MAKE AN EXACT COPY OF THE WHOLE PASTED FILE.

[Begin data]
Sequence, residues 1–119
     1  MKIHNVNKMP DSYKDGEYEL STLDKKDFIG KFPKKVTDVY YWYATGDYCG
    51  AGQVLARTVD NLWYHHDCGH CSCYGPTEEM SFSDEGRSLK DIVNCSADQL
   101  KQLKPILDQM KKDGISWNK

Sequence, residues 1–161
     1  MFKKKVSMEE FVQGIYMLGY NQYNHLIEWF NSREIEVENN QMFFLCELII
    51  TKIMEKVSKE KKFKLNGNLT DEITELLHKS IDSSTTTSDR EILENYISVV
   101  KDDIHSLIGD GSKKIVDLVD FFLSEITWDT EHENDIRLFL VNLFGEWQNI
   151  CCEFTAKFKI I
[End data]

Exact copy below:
Sequence, residues 1–119
     1  MKIHNVNKMP DSYKDGEYEL STLDKKDFIG KFPKKVTDVY YWYATGDYCG
    51  AGQVLARTVD NLWYHHDCGH CSCYGPTEEM SFSDEGRSLK DIVNCSADQL
   101  KQLKPILDQM KKDGISWNK

Sequence, residues 1–161
     1  MFKKKVSMEE FVQGIYMLGY NQYNHLIEWF NSREIEVENN QMFFLCELII
    51  TKIMEKVSKE KKFKLNGNLT DEITELLHKS IDSSTTTSDR EILENYISVV
   101  KDDIHSLIGD GSKKIVDLVD FFLSEITWDT EHENDIRLFL VNLFGEWQNI
   151  CCEFTAKFKI I